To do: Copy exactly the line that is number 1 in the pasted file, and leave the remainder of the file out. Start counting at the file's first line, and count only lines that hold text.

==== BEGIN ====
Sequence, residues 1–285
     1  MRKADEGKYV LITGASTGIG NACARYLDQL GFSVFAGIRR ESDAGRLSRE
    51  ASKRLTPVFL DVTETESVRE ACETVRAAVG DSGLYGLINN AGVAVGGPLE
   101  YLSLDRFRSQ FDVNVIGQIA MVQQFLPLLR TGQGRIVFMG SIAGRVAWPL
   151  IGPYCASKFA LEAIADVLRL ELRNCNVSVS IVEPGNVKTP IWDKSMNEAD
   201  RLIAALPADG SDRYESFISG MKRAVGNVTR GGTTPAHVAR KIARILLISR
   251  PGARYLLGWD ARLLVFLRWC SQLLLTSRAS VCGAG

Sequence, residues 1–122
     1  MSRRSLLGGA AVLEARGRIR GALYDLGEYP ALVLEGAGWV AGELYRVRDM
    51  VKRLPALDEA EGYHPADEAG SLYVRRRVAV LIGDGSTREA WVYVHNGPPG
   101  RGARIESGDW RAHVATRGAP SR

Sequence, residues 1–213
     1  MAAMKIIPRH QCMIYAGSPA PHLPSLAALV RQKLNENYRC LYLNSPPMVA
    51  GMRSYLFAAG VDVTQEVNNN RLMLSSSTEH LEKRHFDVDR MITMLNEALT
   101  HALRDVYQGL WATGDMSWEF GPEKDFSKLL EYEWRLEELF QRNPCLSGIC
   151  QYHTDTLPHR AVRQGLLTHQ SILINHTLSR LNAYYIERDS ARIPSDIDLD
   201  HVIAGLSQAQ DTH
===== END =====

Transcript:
Sequence, residues 1–285